Saturday, March 21, 2020

Amita Ajit Bihar writes


A White Feather

While I was walking towards it

My destination disappeared
I felt lost
Until I realised that my journey was my destination
And then I wept

As Time, Kaal, swept me up in his chariot
I thought we would stop at the grave
But as we passed by the grave without a pause
I realised
Like Emily Dickinson before me
That the Horse’s Heads
Were turned
Towards Eternity
A desolation then possessed my Soul
And I wept

I thought until
Thought was no more
And then I cried

I cried until 

Tears were no more
And I realised
Cries are futile

And that my sorrow is
Ephemeral and shallow
And then I smiled

I thought my smile was cynical
Until I realised cynicism is meaningless
Fragile and brittle
And then I laughed

The laughter liberated me
And I was light with Joy

I laughed
With Joy
Until I was exhausted
And then I slipped

At last
A sustainable state
Stable steady steadfast
Sat Chit Anand

Chitt hai Ambar Jaisa

The Mind is like the Sky

The Clouds
Pass me by
Yes, the Mind
Is like the Sky

O La Paloma Blanca

O Blessed Peace!

1 comment:

  1. Satchitananda ("existence [or truth], consciousness, and bliss") is an epithet and description for the subjective experience of the ultimate, unchanging reality. It is a name for Vishnu, Shiva, or Brahman. An early usage of the word occurred in the Tejobindu Upanishad, composed before the 4th century, in which the soul (atman) is described:

    I am of the nature of consciousness.
    I am made of consciousness and bliss.
    I am nondual, pure in form, absolute knowledge, absolute love.
    I am changeless, devoid of desire or anger, I am detached.
    I am One Essence, unlimitedness, utter consciousness.
    I am boundless Bliss, existence and transcendent Bliss.
    I am the Atman, that revels in itself.
    I am the Sacchidananda that is eternal, enlightened and pure.

    "Paloma Blanca" (Spanish for "white dove") was written by George Baker in 1975:

    When the sun shines on the mountains
    And the night is on the run
    It's a new day, it's a new way
    And I fly up to the sun

    I can feel the morning sunlight
    I can smell the new-born hay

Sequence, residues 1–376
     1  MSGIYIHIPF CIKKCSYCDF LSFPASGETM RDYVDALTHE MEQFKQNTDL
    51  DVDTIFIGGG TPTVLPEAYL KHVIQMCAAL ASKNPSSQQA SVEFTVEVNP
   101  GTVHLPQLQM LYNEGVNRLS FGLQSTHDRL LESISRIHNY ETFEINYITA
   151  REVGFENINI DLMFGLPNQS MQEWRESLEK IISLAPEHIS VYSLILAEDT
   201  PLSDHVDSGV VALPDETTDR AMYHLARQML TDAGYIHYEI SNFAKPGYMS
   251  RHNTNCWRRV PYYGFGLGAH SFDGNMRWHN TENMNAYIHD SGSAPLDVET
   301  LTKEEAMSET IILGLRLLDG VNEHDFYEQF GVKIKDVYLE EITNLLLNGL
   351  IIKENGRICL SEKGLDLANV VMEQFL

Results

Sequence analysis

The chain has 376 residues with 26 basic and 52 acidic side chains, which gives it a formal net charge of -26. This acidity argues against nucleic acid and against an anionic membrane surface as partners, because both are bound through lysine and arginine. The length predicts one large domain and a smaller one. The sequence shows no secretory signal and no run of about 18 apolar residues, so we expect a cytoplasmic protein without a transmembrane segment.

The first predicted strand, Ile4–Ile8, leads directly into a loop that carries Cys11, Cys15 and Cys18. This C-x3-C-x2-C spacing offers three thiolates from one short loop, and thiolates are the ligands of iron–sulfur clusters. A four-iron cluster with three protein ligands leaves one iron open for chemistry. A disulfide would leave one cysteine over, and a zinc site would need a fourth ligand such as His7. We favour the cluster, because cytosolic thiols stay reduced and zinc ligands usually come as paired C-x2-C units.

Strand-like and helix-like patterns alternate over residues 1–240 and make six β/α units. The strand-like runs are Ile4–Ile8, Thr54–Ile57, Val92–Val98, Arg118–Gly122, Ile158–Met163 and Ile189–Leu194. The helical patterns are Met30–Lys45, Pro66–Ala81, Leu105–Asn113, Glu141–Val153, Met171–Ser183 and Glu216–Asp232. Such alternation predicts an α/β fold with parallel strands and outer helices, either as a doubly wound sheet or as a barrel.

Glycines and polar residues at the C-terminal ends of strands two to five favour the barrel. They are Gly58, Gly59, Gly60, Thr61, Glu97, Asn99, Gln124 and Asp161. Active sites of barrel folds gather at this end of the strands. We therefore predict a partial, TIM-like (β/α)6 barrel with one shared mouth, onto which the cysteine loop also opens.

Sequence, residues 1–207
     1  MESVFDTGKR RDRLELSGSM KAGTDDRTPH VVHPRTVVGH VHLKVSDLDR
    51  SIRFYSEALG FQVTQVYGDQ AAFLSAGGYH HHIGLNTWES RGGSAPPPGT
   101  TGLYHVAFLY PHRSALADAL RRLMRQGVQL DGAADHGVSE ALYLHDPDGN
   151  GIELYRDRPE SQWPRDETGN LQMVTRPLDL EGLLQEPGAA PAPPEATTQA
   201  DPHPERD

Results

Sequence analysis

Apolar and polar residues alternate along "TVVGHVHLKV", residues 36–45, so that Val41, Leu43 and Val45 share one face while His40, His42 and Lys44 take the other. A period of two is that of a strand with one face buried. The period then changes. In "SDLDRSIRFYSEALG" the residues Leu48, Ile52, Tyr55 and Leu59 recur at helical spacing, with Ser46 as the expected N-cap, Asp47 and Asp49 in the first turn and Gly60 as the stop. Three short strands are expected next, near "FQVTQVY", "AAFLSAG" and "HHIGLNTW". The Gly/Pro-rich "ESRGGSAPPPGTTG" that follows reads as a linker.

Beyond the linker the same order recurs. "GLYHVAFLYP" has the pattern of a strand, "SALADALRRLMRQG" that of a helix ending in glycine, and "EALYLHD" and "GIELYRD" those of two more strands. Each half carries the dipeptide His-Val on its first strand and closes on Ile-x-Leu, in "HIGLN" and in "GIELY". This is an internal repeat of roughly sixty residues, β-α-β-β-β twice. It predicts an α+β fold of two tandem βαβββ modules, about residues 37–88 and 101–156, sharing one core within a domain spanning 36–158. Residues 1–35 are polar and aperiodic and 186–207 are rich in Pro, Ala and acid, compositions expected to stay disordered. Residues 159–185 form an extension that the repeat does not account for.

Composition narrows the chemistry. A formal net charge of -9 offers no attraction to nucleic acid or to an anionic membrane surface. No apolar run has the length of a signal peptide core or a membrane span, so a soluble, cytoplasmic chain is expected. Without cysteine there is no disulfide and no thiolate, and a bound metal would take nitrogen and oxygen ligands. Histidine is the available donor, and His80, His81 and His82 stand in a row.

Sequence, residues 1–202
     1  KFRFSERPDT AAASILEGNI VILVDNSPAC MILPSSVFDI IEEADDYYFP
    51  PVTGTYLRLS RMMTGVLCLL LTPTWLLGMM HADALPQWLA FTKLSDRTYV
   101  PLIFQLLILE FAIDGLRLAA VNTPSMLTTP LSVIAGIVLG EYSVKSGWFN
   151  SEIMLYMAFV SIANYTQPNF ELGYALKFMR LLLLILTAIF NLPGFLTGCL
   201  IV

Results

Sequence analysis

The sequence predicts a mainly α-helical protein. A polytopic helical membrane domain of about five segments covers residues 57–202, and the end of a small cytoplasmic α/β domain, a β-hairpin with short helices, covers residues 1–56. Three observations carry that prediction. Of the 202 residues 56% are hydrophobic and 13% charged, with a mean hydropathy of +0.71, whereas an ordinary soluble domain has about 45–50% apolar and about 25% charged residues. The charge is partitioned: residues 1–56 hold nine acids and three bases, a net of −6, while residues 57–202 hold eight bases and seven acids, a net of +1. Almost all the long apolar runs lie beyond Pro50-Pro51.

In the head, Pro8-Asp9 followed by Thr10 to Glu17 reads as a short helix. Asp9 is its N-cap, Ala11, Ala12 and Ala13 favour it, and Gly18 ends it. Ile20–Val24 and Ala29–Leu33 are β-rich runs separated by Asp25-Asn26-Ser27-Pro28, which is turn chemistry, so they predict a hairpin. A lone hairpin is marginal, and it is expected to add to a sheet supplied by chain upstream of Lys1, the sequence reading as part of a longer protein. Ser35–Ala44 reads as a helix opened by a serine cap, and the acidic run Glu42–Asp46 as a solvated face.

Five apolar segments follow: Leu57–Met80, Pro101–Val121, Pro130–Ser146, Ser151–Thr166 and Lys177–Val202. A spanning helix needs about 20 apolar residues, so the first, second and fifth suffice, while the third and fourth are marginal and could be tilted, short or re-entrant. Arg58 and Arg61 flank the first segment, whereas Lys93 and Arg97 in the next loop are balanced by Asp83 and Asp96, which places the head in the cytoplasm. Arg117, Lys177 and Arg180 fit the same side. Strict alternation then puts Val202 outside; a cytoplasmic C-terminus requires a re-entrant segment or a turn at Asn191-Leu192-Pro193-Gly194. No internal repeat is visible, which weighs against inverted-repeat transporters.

I can hear God's voices calling
    From my golden sky-light way

    Una paloma blanca
    I'm just a bird in the sky
    Una paloma blanca
    Over the mountain I fly
    No one can take my freedom away

    Once I had my share of losing
    Once they locked me on a chain
    Yes, they tried to break my power
    Oh, I still can feel the pain

    Una paloma blanca
    I'm just a bird in the sky
    Una paloma blanca
    Over the mountain I fly
    No one can take my freedom away

    "The Chariot" was posthumously published in 1890 by Emily Dickinson's friends Mabel Loomis Todd and Thomas Wentworth Higginson. As usual, early renditions of her poetry were given titles and regularized structures or otherwise changed from her actual versions, which were generally not corrected until Thomas H. Johnson's variorum edition of 1955. Johnsom ditched the title and assigned it number 479:

    Because I could not stop for Death –
    He kindly stopped for me –
    The Carriage held but just Ourselves –
    And Immortality.

    We slowly drove – He knew no haste
    And I had put away
    My labor and my leisure too,
    For His Civility –

    We passed the School, where Children strove
    At Recess – in the Ring –
    We passed the Fields of Gazing Grain –
    We passed the Setting Sun –

    Or rather – He passed Us –
    The Dews drew quivering and Chill –
    For only Gossamer, my Gown –
    My Tippet – only Tulle –

    We paused before a House that seemed
    A Swelling of the Ground –
    The Roof was scarcely visible –
    The Cornice – in the Ground –

    Since then – 'tis Centuries – and yet
    Feels shorter than the Day
    I first surmised the Horses' Heads
    Were toward Eternity –


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